Although it is undisputed that the Academy will choose Colin Firth’s neurotically pitiable King George VI, it’s a tragedy that the competition will not be closer. All five nominees gave incredible performances, from royalty to a cancer patient to a western marshal. No other actor could take on Eisenberg’s quirky Mark Zuckerberg nor could anyone else capture the sheer mania that takes over Franco’s Aron Ralston before he cuts off his own arm – all of these actors are simply irreplaceable. And although Bridges was the only nominee neglected by The Heights‘ desired winner picks, he still deserves the Oscar nod for the dry sarcasm that complimented breakout actress Hailee Steinfeld and pushed her performance to the Academy’s notice.
Natalie Portman: Darren Ranck, Brennan Carley, Charlotte Parish, Michael Caprio, Joe Allen, Katie Lee, Dan Siering, The Heights
Jennifer Lawrence: Brennan Carley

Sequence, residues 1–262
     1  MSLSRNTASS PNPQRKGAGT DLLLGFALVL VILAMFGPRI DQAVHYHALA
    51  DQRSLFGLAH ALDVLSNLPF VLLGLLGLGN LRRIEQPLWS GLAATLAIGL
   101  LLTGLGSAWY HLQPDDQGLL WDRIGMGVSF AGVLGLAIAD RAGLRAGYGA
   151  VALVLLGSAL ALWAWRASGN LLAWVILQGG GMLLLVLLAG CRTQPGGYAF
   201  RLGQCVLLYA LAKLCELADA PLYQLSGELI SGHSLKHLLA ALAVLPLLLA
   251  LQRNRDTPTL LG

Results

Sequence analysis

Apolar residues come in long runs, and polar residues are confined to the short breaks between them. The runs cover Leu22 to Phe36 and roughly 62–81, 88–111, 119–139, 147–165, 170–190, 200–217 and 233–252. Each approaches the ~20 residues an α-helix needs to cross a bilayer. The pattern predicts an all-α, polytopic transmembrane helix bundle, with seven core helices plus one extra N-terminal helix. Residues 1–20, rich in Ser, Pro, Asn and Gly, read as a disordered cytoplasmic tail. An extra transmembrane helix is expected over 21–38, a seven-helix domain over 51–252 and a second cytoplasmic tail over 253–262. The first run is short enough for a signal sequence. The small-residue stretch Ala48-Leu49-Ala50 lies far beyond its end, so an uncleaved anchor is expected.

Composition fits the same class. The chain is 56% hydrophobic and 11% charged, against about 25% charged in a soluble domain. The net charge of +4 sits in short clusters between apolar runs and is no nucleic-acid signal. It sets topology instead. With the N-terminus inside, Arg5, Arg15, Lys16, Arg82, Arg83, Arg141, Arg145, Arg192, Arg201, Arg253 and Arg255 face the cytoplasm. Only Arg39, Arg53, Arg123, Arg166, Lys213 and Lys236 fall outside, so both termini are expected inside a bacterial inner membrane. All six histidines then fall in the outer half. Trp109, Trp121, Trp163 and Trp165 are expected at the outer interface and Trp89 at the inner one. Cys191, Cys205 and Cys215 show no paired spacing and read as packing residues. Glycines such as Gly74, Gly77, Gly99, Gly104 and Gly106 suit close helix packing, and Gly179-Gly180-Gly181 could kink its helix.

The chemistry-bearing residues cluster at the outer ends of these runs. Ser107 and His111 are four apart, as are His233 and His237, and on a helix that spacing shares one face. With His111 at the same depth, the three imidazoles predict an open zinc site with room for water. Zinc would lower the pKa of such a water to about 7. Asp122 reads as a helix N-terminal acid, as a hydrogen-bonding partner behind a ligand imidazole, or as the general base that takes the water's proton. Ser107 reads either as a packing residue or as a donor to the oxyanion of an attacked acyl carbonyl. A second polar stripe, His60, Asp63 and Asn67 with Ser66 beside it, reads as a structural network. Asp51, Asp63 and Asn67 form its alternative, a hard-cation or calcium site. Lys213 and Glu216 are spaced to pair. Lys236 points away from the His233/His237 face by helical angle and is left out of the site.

Nicole Kidman: Michael Caprio
Natalie Portman: Charlotte Parish, Joe Allen, Katie Lee, Dan Siering, The Heights
For her demented descent in Black Swan, Miss Natalie Portman unanimously dominated the Best Actress category. The most impressive aspect of Portman is her ability to play both the innocent Nina Sayers and her seductive alter ego, fusing the two sides in the film’s final scene. However, one editor points out we would be loathed to forget the equally poignant performance of Jennifer Lawrence in Winter’s Bone. Stretching outside her comfort zone, Lawrence embodies versatility in a film that is arguably more relatable with broader subjects like drugs, murder, and family.
Best Supporting Actor
Christian Bale: Darren Ranck, Brennan Carley, Charlotte Parish, Michael Caprio, Joe Allen, Katie Lee, Dan Siering, The Heights